This clash between the chancellor and masters was only the beginning of a tension that continues to the present day. Just as the chancellor of Notre Dame claimed the power to command the obedience of the masters in all things because they were members of the Church, so too in many state universities today, chancellors or presidents attempt to extend their authority over the faculty because the faculty are state employees. In medieval Paris, this conflict caused many masters (instructors) to move to the Latin Quarter and join the "faculties" of the monastery schools there. The intellectual center of the city moved to an area further from the chancellor's direct control, and the masters began to consider the chancellor as an enemy rather than their administrative head.


By the early 1100's there was great intellectual ferment in the Latin Quarter. Translations into Latin of Aristotle's Greek logical works were arriving from translation centers in Spain and Sicily, and the scholars of Paris found themselves with powerful new tools of reason. Peter Abelard, a student in the Latin Quarter who had returned to become a master in the school of Notre Dame, set both students and masters on their ears with his book entitled Sic et non (Yes and No), in which he demonstrated that the accepted authorities that everyone had been studying contradicted one another on almost every basic point that one could think of. He concluded that one had to collect the opinions of the authorities, but use logic to determine which of these opinions were correct.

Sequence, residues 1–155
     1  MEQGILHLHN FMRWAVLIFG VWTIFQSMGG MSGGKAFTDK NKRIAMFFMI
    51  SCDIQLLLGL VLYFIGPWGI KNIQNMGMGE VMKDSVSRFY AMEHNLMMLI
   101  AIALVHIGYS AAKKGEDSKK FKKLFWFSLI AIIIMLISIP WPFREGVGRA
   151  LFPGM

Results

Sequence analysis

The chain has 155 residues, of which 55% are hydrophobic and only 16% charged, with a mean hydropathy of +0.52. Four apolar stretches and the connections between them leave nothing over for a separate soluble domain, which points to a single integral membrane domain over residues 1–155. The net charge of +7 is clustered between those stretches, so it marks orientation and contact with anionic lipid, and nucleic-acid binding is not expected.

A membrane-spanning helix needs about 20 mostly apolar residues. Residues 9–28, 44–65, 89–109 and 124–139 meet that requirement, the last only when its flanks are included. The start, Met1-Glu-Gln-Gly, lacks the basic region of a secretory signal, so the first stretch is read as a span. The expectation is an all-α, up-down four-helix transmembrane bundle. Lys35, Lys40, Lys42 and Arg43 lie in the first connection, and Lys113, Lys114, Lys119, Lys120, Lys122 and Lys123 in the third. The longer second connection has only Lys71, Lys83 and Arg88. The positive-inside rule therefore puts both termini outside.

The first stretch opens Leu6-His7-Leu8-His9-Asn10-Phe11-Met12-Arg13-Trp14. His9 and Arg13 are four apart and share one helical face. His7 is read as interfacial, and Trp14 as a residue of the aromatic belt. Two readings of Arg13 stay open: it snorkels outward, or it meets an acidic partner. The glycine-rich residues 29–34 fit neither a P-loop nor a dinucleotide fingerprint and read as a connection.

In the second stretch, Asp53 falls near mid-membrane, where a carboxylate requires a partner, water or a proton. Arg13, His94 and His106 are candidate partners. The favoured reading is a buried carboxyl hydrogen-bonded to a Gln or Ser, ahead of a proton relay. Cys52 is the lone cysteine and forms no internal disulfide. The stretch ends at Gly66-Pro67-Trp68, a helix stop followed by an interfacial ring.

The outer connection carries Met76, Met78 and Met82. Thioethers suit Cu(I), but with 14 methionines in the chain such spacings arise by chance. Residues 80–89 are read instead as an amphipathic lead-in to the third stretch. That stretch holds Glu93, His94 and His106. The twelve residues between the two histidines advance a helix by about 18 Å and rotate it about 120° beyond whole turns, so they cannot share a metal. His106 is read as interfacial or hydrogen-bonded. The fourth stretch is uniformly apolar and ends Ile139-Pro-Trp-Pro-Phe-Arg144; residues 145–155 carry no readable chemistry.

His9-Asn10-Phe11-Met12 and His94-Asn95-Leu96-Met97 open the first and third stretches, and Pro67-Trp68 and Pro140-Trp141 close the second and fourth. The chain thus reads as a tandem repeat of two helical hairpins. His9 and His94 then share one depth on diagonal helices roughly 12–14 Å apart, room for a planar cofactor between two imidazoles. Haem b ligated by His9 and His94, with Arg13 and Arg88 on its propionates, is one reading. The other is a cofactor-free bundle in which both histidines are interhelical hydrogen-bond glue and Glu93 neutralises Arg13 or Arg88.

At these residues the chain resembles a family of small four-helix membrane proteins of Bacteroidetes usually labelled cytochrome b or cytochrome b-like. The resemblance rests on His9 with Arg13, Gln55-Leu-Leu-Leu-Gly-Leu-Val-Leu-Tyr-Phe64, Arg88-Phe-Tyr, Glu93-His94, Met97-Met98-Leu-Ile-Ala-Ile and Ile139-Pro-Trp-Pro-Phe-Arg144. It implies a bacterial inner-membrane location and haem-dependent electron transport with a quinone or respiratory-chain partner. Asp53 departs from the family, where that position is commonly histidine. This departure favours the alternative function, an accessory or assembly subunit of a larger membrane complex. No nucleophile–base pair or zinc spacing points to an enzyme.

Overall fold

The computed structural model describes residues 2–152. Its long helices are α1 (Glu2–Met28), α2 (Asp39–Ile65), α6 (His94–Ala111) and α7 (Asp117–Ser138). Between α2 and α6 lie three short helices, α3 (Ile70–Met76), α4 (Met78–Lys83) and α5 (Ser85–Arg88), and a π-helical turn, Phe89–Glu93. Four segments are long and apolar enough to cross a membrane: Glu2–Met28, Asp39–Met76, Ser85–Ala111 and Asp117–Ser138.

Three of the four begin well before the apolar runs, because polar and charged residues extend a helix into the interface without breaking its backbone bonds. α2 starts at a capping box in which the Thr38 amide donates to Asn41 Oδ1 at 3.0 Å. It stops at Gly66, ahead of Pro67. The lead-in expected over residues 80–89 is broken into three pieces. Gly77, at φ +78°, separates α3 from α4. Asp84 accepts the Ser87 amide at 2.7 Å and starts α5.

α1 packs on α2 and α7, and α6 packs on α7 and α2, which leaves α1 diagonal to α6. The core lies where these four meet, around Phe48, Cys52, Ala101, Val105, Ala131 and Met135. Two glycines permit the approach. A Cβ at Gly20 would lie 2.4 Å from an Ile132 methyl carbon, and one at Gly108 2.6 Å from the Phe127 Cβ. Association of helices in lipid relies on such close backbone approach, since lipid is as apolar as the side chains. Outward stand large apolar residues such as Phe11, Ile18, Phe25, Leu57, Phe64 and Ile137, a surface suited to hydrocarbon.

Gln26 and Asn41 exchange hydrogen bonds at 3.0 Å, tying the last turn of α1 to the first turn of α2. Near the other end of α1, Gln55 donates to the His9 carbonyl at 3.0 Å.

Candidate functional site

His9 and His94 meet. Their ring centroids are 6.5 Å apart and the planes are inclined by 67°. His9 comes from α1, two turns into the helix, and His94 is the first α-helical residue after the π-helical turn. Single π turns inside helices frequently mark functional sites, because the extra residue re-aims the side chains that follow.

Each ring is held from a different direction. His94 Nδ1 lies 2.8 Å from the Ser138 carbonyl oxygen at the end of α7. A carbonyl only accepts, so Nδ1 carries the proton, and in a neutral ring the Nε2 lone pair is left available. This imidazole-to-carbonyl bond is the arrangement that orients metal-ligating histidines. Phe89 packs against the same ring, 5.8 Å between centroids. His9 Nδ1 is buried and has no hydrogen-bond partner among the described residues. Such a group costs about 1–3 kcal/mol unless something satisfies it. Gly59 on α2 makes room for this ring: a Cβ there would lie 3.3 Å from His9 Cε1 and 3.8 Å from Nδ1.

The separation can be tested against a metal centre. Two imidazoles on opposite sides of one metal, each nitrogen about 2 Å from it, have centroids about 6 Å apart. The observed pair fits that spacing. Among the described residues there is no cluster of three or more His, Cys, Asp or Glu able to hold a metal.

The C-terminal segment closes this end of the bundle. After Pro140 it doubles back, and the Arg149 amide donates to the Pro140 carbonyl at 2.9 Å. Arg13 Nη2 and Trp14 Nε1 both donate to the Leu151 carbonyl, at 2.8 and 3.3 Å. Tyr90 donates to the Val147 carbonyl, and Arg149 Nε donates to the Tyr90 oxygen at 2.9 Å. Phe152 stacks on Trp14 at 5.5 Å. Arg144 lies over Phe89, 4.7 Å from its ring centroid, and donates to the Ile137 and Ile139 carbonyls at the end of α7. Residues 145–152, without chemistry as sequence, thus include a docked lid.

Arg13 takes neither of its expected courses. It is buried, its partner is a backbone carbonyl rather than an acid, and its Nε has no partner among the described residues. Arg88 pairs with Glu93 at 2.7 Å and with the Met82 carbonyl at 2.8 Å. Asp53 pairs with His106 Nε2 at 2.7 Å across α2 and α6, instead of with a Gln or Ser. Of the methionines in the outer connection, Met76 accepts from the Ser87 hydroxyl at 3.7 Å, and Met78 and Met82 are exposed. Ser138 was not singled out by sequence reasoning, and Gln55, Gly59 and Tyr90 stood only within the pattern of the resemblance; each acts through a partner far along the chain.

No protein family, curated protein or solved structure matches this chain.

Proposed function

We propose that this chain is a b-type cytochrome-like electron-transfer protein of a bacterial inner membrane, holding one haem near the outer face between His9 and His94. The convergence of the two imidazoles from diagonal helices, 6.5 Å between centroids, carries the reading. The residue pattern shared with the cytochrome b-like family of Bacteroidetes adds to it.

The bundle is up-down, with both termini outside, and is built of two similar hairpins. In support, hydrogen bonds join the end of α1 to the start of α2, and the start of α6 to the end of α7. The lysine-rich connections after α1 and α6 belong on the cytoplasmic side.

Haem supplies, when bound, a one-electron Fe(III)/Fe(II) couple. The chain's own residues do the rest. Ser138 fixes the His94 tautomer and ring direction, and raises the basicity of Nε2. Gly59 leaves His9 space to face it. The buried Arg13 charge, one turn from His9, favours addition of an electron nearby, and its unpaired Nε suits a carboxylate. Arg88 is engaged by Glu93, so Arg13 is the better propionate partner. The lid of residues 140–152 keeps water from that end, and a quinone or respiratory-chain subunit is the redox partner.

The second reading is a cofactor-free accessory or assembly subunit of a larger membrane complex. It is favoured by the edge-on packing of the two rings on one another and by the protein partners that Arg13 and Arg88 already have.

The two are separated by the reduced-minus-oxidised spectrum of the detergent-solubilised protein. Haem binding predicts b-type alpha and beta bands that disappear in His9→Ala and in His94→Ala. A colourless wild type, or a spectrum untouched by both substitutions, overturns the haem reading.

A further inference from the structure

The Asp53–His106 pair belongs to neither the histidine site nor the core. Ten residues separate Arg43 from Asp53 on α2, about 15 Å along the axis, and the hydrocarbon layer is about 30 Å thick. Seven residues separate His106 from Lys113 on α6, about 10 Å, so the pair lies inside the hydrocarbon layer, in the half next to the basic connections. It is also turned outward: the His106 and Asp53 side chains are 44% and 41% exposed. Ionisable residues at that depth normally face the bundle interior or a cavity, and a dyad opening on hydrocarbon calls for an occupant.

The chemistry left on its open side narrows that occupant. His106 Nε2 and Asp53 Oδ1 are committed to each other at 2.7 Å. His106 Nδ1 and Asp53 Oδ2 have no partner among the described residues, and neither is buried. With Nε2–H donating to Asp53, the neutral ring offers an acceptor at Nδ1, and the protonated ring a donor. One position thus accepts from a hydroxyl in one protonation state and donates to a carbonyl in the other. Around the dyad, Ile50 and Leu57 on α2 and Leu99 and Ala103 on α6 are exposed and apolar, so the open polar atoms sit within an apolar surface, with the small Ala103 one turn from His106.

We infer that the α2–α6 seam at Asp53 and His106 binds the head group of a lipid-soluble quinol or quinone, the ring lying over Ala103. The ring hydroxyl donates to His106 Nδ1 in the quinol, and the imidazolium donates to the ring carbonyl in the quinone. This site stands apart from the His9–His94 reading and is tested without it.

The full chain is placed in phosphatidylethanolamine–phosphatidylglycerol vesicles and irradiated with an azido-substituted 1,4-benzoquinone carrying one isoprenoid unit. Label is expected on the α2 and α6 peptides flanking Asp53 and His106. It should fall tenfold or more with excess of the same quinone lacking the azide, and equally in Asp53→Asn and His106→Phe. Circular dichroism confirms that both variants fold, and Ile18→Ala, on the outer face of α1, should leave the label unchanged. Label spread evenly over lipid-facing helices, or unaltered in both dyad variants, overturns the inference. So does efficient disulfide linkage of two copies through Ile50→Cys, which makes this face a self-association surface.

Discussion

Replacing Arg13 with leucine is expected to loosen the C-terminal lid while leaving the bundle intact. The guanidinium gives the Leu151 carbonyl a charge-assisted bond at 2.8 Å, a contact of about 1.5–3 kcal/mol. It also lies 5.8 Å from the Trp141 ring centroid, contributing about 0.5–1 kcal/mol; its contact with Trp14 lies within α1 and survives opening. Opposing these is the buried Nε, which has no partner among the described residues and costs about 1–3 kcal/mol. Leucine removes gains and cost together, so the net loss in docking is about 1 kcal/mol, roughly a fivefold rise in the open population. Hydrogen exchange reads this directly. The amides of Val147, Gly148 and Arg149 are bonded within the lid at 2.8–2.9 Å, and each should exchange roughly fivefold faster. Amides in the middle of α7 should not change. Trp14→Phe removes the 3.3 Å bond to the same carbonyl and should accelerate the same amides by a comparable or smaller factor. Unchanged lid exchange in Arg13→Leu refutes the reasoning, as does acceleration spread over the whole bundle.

The manner of teaching soon changed. Instead of listening to their master read and interpret, the students wanted to be taught how to reason. The public debate soon replaced the lecture in attracting the student's attention. They particularly like to hear their masters debate each other. At the same time that the nobles were developing the man-to-man armed confrontations of the tournament, scholars were developing the logical combat of the public debate.